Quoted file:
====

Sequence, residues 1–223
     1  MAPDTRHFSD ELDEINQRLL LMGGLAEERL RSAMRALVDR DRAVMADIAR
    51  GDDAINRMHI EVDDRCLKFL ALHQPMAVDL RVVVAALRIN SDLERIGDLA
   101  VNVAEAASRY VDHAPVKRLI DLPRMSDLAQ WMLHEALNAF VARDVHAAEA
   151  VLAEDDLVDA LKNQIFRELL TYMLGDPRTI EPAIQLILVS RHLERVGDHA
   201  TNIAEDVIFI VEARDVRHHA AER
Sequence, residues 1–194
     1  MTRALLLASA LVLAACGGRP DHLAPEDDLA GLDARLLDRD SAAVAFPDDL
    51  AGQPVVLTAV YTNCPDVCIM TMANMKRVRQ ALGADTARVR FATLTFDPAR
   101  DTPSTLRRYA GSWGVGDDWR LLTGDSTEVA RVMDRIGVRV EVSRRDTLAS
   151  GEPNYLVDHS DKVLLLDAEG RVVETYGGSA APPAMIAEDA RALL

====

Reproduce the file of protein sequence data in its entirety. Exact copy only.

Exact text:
Sequence, residues 1–223
     1  MAPDTRHFSD ELDEINQRLL LMGGLAEERL RSAMRALVDR DRAVMADIAR
    51  GDDAINRMHI EVDDRCLKFL ALHQPMAVDL RVVVAALRIN SDLERIGDLA
   101  VNVAEAASRY VDHAPVKRLI DLPRMSDLAQ WMLHEALNAF VARDVHAAEA
   151  VLAEDDLVDA LKNQIFRELL TYMLGDPRTI EPAIQLILVS RHLERVGDHA
   201  TNIAEDVIFI VEARDVRHHA AER
Sequence, residues 1–194
     1  MTRALLLASA LVLAACGGRP DHLAPEDDLA GLDARLLDRD SAAVAFPDDL
    51  AGQPVVLTAV YTNCPDVCIM TMANMKRVRQ ALGADTARVR FATLTFDPAR
   101  DTPSTLRRYA GSWGVGDDWR LLTGDSTEVA RVMDRIGVRV EVSRRDTLAS
   151  GEPNYLVDHS DKVLLLDAEG RVVETYGGSA APPAMIAEDA RALL